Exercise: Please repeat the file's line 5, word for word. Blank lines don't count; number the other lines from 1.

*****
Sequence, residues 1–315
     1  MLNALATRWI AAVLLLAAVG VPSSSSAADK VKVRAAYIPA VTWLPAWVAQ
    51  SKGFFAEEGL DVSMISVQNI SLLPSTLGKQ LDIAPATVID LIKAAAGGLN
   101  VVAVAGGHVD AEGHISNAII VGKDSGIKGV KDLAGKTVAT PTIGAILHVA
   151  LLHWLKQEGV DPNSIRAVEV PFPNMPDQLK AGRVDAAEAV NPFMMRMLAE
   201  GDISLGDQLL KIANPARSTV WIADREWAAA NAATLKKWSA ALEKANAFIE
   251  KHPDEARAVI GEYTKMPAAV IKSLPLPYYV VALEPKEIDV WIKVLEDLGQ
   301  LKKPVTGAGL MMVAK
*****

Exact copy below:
   151  LLHWLKQEGV DPNSIRAVEV PFPNMPDQLK AGRVDAAEAV NPFMMRMLAE